The bottom line is that testers in agile teams should have a different mindset than the one they had in the environment of traditional software development. They must understand that their agile teammates (which include more programmers than testers) share the same goal as them. Testers should like their teammates and enjoy learning from them (especially coding skills that will help them add more value). Testers should never limit themselves to solving only quality issues.

But wait, there’s more. Agile testers should also help the team address issues that arise during the iteration and afterward, especially regarding technical aspects of the product. In addition, testers should know that the team trusts them to understand the big picture of the whole product, rather than concentrating on a specific component.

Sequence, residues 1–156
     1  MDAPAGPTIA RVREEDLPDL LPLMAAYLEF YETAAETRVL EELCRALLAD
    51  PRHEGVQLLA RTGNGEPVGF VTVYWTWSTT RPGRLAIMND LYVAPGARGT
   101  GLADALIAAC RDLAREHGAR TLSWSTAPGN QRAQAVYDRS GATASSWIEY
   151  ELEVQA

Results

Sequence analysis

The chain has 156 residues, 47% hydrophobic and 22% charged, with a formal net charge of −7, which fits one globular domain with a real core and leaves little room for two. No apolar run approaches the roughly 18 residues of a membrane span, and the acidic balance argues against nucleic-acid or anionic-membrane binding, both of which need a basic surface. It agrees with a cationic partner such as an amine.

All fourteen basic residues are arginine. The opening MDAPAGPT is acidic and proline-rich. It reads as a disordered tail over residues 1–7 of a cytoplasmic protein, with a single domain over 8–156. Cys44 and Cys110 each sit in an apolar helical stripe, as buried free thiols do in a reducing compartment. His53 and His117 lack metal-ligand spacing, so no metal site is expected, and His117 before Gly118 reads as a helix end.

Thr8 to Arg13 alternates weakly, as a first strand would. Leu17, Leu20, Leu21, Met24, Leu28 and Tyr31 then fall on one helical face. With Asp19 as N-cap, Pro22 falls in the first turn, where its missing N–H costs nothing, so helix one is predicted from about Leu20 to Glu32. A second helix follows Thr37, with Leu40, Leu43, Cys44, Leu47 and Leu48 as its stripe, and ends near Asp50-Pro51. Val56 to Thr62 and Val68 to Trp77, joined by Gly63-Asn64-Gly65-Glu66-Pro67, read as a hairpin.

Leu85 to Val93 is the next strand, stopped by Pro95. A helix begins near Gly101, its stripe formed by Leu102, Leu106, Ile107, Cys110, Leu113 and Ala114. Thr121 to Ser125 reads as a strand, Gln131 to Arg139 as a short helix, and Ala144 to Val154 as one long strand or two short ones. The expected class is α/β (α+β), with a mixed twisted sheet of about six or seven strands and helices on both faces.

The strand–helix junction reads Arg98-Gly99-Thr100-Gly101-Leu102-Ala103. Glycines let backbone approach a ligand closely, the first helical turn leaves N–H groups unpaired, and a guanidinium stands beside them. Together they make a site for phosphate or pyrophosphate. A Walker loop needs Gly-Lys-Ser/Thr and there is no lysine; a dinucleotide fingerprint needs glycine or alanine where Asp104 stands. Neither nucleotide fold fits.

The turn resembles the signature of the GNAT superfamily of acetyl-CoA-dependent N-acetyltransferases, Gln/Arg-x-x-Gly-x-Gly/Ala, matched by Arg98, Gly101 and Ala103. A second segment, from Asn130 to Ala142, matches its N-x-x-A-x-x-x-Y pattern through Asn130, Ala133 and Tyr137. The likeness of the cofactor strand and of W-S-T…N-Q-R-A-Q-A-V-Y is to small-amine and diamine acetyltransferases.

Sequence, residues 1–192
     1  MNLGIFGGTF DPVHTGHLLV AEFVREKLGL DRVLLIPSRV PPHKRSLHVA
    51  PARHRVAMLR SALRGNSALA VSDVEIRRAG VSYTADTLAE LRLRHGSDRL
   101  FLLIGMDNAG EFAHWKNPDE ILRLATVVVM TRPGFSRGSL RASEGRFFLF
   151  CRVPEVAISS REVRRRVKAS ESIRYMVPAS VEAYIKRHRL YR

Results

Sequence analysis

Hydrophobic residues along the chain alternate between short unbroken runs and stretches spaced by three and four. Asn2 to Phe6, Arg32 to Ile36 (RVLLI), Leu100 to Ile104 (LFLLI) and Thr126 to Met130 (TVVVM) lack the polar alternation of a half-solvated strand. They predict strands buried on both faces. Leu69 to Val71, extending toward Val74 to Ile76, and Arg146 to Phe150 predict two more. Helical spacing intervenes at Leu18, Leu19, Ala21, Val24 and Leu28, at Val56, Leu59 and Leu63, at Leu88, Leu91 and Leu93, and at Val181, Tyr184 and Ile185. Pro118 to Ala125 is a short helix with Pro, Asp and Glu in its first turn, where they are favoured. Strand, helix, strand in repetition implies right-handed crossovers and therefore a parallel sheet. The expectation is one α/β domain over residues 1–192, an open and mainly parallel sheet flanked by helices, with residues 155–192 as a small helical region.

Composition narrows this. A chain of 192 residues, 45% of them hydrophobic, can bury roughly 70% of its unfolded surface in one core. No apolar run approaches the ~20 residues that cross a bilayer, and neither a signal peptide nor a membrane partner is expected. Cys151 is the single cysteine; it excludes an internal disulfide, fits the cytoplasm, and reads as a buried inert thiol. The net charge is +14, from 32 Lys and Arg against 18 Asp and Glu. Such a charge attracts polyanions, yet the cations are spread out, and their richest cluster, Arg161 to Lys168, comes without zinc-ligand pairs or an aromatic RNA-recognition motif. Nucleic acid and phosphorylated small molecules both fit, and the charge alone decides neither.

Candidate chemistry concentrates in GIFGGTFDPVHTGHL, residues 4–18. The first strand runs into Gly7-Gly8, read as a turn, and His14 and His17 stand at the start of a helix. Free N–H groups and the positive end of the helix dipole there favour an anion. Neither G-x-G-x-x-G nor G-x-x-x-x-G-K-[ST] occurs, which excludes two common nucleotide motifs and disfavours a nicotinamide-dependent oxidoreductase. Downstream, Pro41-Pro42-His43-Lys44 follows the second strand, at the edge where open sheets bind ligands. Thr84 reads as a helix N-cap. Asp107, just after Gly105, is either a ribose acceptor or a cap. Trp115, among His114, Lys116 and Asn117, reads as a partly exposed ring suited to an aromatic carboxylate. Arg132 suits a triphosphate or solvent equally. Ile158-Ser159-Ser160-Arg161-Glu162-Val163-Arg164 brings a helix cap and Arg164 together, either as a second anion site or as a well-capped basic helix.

Great testers are the ones that the team rely on because they know that they have an instinct and knowledge for where and how software might fail and what solutions the team should implement to reduce the risk of failure.

But wait, I think that testers can do even more! Testers should use their expertise, knowledge, and experience in testing and help the team in other layers of the development process. A great tester isn't afraid of being involved in design discussions, giving suggestions that will improve testability and reduce future risk.

Thanks to Tally Helfgott for proofreading :) 

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1 comment:

  1. Hey Found your blog though those carnivals and gotta say you produce some excellent articles. Really liked this one for its list of activities.…some of these are repeats but a number of them are new.